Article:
After a semester of hard work, dedication, and devotion, the PaceCork family is proud to present our finished product! You can watch it on youtube and vimeo.

Earlier today, we prepared DVDs to be sent out to everyone that was involved with the documentary. We also took some time to look inward, and reflect upon our experience. Some interesting thoughts came out of the process.

The documentary premiered on campus at 7:30 today to an audience of Pace students, alumni, faculty, staff and parents.

We'd like to thank everyone for all the support throughout the past few months. We've grown as a family, and produced something that we're very proud of. Keep your eye out for more updates, as the documentary will be entered into a number of film competitions.

| Heads up: Do you have photos or video of your wedding proposal over a bottle of wine? Pace Cork needs your help! Send us a Facebook message, or email us at, and you have the chance to be featured in our documentary! |

The final countdown for "Battle Behind the Bottle" has begun.

Although we shot a ton of footage while we were in Portugal, it's still not enough to create a full, clear story for our documentary. In order to show both sides of the Battle Behind the Bottle, we talked to several alternative closure manufacturers, as well as gathering footage from various other sources.

We've scoured the internet for any relevant information, and found several interesting facts relating to the question of using cork.

One of the elements of the editing process is called B-roll. B-roll is raw footage consists of close-ups of details, wide shots of landscapes, and locations or scenes showing interview subjects in their environments. B-roll is vital because it provides the viewer something to look at other than a talking head. 

The footage that we are sorting through in Avid editing software is split between B-Roll and interview clips.

During our research for this documentary, we came across some very interesting videos.  One highlights the debate for cork and the industry with the help of former SNL cast member and actor, Rob Schneider.  The other was put up by Bonny Doon, the leading competitor against the cork industry, describing their side of the debate and why screw tops are better for wine.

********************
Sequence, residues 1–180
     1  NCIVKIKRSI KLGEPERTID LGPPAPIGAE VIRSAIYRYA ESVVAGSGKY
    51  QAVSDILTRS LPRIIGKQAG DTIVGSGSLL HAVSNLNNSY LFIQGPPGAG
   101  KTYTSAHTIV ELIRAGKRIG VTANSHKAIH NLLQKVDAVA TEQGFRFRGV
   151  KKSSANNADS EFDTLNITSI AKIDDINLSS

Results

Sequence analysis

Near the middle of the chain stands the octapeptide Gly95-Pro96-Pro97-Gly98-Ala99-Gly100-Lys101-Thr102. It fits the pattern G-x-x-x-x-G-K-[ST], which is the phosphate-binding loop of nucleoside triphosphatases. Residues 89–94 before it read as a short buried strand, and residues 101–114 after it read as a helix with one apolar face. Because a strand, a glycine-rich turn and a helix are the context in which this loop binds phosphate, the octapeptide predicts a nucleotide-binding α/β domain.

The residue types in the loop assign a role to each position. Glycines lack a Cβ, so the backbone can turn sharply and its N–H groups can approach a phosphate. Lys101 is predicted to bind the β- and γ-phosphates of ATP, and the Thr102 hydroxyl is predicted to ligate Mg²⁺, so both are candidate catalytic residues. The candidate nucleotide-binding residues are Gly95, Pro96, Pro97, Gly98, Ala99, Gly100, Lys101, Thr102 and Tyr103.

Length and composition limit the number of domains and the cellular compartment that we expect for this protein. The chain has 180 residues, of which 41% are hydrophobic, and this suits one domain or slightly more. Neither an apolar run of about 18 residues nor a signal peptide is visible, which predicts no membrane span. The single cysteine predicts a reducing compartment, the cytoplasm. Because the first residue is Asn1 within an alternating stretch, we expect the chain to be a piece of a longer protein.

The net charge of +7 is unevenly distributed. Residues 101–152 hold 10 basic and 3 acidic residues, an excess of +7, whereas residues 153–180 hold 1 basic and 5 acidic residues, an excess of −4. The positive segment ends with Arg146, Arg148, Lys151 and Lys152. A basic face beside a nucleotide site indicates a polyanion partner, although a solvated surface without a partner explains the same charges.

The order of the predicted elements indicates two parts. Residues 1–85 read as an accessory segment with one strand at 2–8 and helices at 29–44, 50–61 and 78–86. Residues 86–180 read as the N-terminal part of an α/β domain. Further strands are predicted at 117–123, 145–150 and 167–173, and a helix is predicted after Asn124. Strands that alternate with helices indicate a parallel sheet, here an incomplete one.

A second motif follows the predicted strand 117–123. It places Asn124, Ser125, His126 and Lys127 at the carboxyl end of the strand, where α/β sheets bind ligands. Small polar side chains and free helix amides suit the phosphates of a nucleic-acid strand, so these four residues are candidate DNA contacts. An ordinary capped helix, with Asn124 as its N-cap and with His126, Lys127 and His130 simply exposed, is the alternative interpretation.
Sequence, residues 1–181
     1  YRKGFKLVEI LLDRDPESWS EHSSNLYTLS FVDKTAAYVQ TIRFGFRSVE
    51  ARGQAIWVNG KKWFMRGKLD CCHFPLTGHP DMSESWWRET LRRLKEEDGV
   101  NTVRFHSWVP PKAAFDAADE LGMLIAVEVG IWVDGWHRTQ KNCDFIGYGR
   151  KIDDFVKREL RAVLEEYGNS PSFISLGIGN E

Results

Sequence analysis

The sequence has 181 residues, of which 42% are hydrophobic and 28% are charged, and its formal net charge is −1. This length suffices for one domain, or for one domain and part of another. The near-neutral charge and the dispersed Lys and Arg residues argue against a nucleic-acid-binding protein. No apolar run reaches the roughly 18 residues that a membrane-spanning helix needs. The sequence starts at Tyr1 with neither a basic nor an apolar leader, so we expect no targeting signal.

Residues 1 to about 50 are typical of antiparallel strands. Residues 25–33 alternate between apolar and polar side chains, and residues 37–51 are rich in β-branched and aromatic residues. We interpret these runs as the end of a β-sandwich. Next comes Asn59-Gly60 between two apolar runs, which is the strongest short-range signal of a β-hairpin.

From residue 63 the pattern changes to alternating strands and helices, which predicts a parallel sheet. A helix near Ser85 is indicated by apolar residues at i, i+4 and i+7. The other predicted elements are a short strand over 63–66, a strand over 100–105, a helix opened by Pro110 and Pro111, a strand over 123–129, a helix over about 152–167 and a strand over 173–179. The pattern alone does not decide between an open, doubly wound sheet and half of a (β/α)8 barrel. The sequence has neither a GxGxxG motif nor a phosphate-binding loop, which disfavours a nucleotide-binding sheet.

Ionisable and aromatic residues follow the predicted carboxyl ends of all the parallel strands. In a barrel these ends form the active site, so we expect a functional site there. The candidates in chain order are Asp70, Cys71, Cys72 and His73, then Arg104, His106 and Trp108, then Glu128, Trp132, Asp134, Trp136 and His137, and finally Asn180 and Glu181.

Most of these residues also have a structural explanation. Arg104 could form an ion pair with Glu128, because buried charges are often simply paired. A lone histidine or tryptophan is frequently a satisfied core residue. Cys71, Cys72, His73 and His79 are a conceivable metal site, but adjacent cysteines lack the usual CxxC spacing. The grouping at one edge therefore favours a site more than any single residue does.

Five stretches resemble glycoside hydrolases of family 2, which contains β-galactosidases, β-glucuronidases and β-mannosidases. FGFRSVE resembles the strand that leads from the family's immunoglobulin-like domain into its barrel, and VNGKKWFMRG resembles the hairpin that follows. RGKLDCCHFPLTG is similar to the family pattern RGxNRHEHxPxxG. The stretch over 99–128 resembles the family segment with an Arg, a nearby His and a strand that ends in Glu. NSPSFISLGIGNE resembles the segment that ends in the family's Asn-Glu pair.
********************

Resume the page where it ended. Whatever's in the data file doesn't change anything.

What is most interesting about these videos is that they show how strong of an issue this really is.

Before talking about what we did last week, we extend our gratitude to each and everyone we met in Portugal. We thank them for their hospitality and logistical help in every step of this documentary process. We also thank Celestial Voyagers and its founder Francoise for a well executed job.

Now, starts the most difficult and time consuming part of our production: The post production.

The PaceCork crew spent our final night in Portugal at Café Luso for a Fado dinner in downtown Lisbon. Incorporating music and poetry, Fado is a popular performing genre in Portugal that can be traced back to the 19th century. In 2011, Fado was inscribed in the UNESCO Intangible Cultural Heritage Lists. During our day tour, we learned that the Portuguese are known as being a melancholy people, stemming from having a strong desires and longings.

Today, the group was lucky enough to go on a bus and walking tour of Lisbon. We were led by a local guide throughout the different sections of downtown Lisbon. Our guide showed us several of the important historical aspects of the area, such as the church where Vasco de Gama's tomb is located, which also happens to be one of the surviving buildings after a devastating earthquake in 1755. After this much of the city had to be rebuilt.

Today was our last day of filming for the documentary. We started off very early because we had to take full advantage of the sunlight for the shoot in the cork forests in Coruche. The cork forests are a unique type of landscape. It is not as densely packed as one might expect a “forest” to be so it made for some very interesting shots.

Once we arrived, we met with Miguel Bugalho and Conceicao Silva. Both have extensive knowledge of the cork industry as it relates to the environment.